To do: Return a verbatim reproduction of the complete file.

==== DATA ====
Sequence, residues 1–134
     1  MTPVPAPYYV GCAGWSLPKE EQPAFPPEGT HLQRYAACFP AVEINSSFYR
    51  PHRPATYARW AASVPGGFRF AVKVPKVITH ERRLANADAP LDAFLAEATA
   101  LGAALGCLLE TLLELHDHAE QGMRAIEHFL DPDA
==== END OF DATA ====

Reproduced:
Sequence, residues 1–134
     1  MTPVPAPYYV GCAGWSLPKE EQPAFPPEGT HLQRYAACFP AVEINSSFYR
    51  PHRPATYARW AASVPGGFRF AVKVPKVITH ERRLANADAP LDAFLAEATA
   101  LGAALGCLLE TLLELHDHAE QGMRAIEHFL DPDA